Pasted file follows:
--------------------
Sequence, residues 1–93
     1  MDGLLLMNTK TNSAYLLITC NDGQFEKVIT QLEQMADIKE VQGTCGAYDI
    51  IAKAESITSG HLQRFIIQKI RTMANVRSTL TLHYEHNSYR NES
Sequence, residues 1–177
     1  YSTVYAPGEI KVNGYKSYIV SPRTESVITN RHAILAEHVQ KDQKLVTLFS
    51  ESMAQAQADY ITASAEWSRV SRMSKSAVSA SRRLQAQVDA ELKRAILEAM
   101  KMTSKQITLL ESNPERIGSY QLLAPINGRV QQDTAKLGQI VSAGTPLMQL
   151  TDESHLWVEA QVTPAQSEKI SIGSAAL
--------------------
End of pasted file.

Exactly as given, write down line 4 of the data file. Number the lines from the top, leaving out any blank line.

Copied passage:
Sequence, residues 1–177